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Black Plague Doctor

 Have you ever wondered who/what the person dressed in black with a white long beaked mask is? Or do you know a little about this person/character, but would love some more info?

Meet

The Black Plague Doctor!

plague

History:

Typically donned head to toe in black, with a white, long-beaked mask, the Black Plague Doctor is one of many iconic figures from the middle ages, largely due to the unique and often terrifying mask. Fully covering the face with glass openings for their eyes, the mask’s prominent feature is the long curved beak shaped nose that typically held dried flowers, herbs and spices to keep away the bad and evil smell of their patients. Although this character has a foreboding presence, seen as the bringer of death, they were instructed to treat patients in a friendly and kind manner.

It was believed that the Plague was spread by smell, hence the stuffed beak and clothing designed to basically cocoon the doctor. A shining example of the archaic medical practice and understanding of medicine and disease at the time.

Today:plague

The Black Plague Doctor is a fascinating character and one we love to profile at the Abbey Medieval Festival. Since 2013, the role of resident Plague Physician has been filled by Murray, a volunteer with the Abbey Medieval House Troupe, who, every year, travels from Victoria to rid Abbeystowe of the deadly Plague. To show that he is not to be feared, Murray has been seen playing ring-around-the-rosy and soccer with patrons at the Abbey. Treating patients is his first priority, and he always likes to lend a helping hand to clear out the dead at the end of the day.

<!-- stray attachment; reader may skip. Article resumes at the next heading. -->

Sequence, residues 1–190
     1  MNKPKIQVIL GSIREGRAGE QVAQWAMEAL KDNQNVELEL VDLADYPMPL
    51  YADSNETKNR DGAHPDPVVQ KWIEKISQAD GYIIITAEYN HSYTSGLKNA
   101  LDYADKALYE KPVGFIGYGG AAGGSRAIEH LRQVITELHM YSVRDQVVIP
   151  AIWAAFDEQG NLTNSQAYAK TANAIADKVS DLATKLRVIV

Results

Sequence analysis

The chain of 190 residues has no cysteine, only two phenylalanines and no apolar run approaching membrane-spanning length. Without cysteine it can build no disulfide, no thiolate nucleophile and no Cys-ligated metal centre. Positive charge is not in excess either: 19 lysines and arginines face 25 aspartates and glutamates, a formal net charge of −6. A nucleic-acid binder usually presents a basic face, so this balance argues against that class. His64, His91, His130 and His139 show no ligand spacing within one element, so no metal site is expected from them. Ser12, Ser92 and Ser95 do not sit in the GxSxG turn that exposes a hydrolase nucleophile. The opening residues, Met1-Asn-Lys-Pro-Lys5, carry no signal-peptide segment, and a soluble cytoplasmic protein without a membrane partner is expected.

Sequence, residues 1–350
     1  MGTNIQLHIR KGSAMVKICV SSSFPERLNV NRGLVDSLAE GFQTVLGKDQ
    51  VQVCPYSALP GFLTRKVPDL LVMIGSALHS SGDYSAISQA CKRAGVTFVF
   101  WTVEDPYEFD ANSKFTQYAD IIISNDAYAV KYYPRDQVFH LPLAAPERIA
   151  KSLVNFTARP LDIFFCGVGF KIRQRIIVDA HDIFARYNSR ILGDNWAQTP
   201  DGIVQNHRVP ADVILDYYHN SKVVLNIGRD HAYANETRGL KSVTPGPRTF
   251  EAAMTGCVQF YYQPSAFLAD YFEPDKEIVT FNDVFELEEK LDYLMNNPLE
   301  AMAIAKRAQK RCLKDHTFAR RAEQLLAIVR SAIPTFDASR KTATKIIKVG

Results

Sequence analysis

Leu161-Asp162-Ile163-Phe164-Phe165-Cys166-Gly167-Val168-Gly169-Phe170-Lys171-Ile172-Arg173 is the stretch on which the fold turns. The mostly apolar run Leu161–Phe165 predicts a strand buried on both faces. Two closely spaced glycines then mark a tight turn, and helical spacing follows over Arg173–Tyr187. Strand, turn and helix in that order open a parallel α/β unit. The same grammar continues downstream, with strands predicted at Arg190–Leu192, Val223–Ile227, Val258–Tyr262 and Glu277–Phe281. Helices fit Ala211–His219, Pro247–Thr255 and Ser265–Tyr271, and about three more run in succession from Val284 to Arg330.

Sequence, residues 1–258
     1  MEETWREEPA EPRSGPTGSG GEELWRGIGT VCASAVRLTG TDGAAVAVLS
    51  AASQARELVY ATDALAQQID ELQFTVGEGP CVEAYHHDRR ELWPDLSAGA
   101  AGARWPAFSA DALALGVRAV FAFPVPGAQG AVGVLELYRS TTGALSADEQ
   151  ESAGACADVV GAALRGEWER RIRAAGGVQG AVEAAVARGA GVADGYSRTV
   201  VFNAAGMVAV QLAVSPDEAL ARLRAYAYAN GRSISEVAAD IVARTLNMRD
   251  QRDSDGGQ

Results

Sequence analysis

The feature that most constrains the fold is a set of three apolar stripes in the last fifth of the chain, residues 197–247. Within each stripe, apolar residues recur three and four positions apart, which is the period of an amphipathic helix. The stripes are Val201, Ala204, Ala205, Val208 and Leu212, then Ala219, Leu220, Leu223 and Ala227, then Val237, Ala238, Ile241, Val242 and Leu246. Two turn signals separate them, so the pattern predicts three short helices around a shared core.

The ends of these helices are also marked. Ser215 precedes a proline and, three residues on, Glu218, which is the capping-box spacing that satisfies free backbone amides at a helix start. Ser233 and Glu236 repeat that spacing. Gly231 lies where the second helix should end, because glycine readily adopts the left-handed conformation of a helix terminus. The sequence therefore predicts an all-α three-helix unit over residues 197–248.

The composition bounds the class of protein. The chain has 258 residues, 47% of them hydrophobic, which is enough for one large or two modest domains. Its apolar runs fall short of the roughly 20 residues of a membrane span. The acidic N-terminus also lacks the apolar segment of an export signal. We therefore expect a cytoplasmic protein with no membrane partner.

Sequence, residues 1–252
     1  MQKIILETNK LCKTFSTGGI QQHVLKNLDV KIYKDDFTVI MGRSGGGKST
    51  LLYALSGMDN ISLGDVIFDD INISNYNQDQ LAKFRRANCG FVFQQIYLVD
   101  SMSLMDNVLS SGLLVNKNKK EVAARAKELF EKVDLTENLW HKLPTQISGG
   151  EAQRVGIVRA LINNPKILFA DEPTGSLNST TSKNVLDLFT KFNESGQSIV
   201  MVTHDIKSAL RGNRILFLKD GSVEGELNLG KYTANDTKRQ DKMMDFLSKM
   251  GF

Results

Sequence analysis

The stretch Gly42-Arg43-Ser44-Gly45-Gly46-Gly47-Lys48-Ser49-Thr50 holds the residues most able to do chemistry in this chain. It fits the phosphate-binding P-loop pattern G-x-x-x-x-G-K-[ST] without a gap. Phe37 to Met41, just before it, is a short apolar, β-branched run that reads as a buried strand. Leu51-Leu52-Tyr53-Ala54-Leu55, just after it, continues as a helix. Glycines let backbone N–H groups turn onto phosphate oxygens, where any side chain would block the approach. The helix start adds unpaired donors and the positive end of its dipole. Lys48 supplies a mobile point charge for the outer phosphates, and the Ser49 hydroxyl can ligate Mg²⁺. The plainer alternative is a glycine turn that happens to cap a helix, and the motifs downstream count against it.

If you spot our wonderful plague doctor at the Abbey Medieval Festival this year, feel free to stop and say hello, ask for a photograph, or treatment advice* – his plague pillows are highly effective!

*Disclaimer: Murray is only qualified to assist with medieval treatment of the black plague.

To meet Murray, whoops I mean, The Black Plague Doctor this year, buy your tickets now!

Join the Abbey Medieval Festival House Troupe!

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New Banquet Bowls!

A lovely new handmade addition to our Medieval Banquets..!

banquets bowls

Expertly handmade by the lovely Bribie Island local Potter Bev Porter (as shown above), these new Banquet bowls have been made to specifications required for a medieval feast!

These bowls will be used for the salads, and will stay on the tables throughout the Medieval Banquet nights, so our guests can ‘pick’ throughout the evening, taking second and maybe even third helpings!